Project risks and issues are an inevitable part of any project. However, the lack of awareness of these risks and issues can have a significant impact on the project's success. This is especially true for non-project resources, who may not be as familiar with the project's goals and objectives, or the potential risks and issues that could arise.
There are a number of reasons why non-project resources may not be aware of project risks and issues. First, they may not be involved in the project planning process, and therefore may not be aware of the risks and issues that were identified at the outset. Second, they may not be regularly updated on the project's progress, and therefore may not be aware of any new risks or issues that have arisen. Third, they may not be familiar with the project's terminology and acronyms, which can make it difficult for them to understand the risks and issues that are being discussed.
The lack of awareness of project risks and issues can have a number of negative consequences for non-project resources. First, it can lead to them making decisions that are not in the best interests of the project. For example, they may agree to take on additional work that they are not qualified to do, or they may not be aware of the need to escalate a risk or issue to the project manager. Second, it can lead to them feeling frustrated and stressed, as they may not know what is expected of them, or they may feel like they are not being kept in the loop. Third, it can lead to them making mistakes, which can further delay the project or even cause it to fail.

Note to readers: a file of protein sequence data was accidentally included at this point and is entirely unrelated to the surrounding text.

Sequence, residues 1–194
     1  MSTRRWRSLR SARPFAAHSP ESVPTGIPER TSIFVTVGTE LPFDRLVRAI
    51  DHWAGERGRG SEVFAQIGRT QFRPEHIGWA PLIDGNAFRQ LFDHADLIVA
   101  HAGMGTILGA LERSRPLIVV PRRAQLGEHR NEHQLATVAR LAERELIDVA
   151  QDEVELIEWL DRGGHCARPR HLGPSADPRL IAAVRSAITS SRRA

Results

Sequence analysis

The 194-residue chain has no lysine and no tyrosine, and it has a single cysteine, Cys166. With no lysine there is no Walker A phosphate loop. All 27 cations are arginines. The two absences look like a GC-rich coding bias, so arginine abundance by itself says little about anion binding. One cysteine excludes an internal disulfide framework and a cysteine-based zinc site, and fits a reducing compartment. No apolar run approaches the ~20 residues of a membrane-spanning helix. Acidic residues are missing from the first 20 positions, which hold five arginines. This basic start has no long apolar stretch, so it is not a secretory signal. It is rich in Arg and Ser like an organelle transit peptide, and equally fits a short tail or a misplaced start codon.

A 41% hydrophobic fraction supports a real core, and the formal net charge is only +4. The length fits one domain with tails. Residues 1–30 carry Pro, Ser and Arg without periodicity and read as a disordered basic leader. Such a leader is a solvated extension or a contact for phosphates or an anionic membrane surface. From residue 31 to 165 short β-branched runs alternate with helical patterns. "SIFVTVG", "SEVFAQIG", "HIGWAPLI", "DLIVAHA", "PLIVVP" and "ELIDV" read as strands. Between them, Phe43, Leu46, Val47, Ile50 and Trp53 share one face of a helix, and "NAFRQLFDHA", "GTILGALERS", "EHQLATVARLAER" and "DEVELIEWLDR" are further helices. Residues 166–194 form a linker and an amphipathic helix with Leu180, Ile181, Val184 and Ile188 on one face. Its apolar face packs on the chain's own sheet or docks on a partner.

There are a number of things that can be done to improve the awareness of project risks and issues among non-project resources. First, it is important to involve them in the project planning process from the outset. This will give them a chance to learn about the project's goals and objectives, and the potential risks and issues that could arise. Second, it is important to regularly update them on the project's progress. This will help them to stay informed of any new risks or issues that have arisen, and to make sure that they are aware of the decisions that are being made. Third, it is important to use plain language when communicating with non-project resources. This will help them to understand the risks and issues that are being discussed, and to make informed decisions.
Here are some simple examples to explain the differences between project risks and issues from a non-project resource perspective:
Project risk: A project risk is an uncertain event or condition that, if it occurs, has a negative impact on the project. For example, a project risk could be a delay in the delivery of a critical component, or a change in the project scope.
Project issue: A project issue is a problem that has already occurred, and is having a negative impact on the project. For example, a project issue could be a conflict between team members, or a defect in a product.
Risk vs. Issue Example
In essence, the key difference between a project risk and a project issue is that a risk is something that could happen, while an issue is something that has already happened. It is important for non-project resources to be aware of both risks and issues, so that they can take steps to mitigate the risks and to resolve the issues.
In summary, recognising the distinctions between risks and issues is pivotal for project managers and non-project resources alike. By improving the awareness of project risks and issues among non-project resources, project managers can help to ensure that the project is successful. By involving non-project resources in the planning process, regularly updating them on the project's progress, and using plain language when communicating with them, project managers can help to ensure that everyone is on the same page and that the project is completed on time and within budget.